In December, not long after the attacks in Paris and San Bernardino, President Obama sought to allay growing fears of the Islamic State by explaining that “as we squeeze its heart, we’ll make it harder for ISIL to pump its terror and propaganda to the rest of the world.”  The recent attacks in Belgium suggest otherwise. So now the President warns, “As ISIL is squeezed in Syria and Iraq, we can anticipate it lashing out elsewhere, as we’ve seen most recently and tragically in countries from Turkey to Brussels.”

If so, then it is imperative to defeat ISIS as rapidly as possible. Secretary Carter and Gen. Dunford say they have recommended to President Obama that he deploy additional troops to Iraq, although they did not reveal how many. U.S. commanders have proposed moving American advisers closer to the front lines so they can have a greater impact. Military leaders should also press the case for establishing safe zones for Syrian civilians, which could also double as training grounds for U.S.-backed opposition forces.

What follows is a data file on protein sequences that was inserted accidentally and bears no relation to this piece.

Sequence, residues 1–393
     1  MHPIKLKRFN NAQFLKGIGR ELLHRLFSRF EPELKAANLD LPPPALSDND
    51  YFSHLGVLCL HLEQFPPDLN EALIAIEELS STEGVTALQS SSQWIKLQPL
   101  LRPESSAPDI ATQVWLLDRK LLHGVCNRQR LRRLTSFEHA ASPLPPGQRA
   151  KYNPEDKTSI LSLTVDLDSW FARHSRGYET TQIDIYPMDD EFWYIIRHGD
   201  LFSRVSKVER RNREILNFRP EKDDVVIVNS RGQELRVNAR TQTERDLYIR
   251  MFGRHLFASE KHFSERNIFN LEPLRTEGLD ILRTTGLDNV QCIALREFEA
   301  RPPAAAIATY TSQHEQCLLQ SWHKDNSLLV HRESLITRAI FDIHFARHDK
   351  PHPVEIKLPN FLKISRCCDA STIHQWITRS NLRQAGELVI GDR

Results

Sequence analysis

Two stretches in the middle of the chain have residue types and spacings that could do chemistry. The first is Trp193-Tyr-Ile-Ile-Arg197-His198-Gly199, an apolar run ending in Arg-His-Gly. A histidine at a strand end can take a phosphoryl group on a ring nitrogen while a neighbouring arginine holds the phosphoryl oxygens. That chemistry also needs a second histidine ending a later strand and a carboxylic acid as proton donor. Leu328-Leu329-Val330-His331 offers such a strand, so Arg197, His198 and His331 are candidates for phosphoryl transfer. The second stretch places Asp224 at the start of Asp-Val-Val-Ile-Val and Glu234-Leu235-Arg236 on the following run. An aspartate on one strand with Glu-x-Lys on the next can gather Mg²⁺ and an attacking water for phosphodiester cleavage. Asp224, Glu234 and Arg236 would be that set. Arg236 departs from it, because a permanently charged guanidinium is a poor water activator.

In the past, President Obama has resisted the deployment of additional troops and resources until confronted by widespread—and frequently bipartisan—criticism of the war effort. Even then, he tends to approve only incremental changes. This time, the President should capitalize on the momentum of anti-ISIS forces by providing them with the means to win.  The sooner he acts, the less risk there will be of another Brussels or another Paris.

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The Foreign Policy Initiative seeks to promote an active U.S. foreign policy committed to robust support for democratic allies, human rights, a strong American military equipped to meet the challenges of the 21st century, and strengthening America’s global economic competitiveness.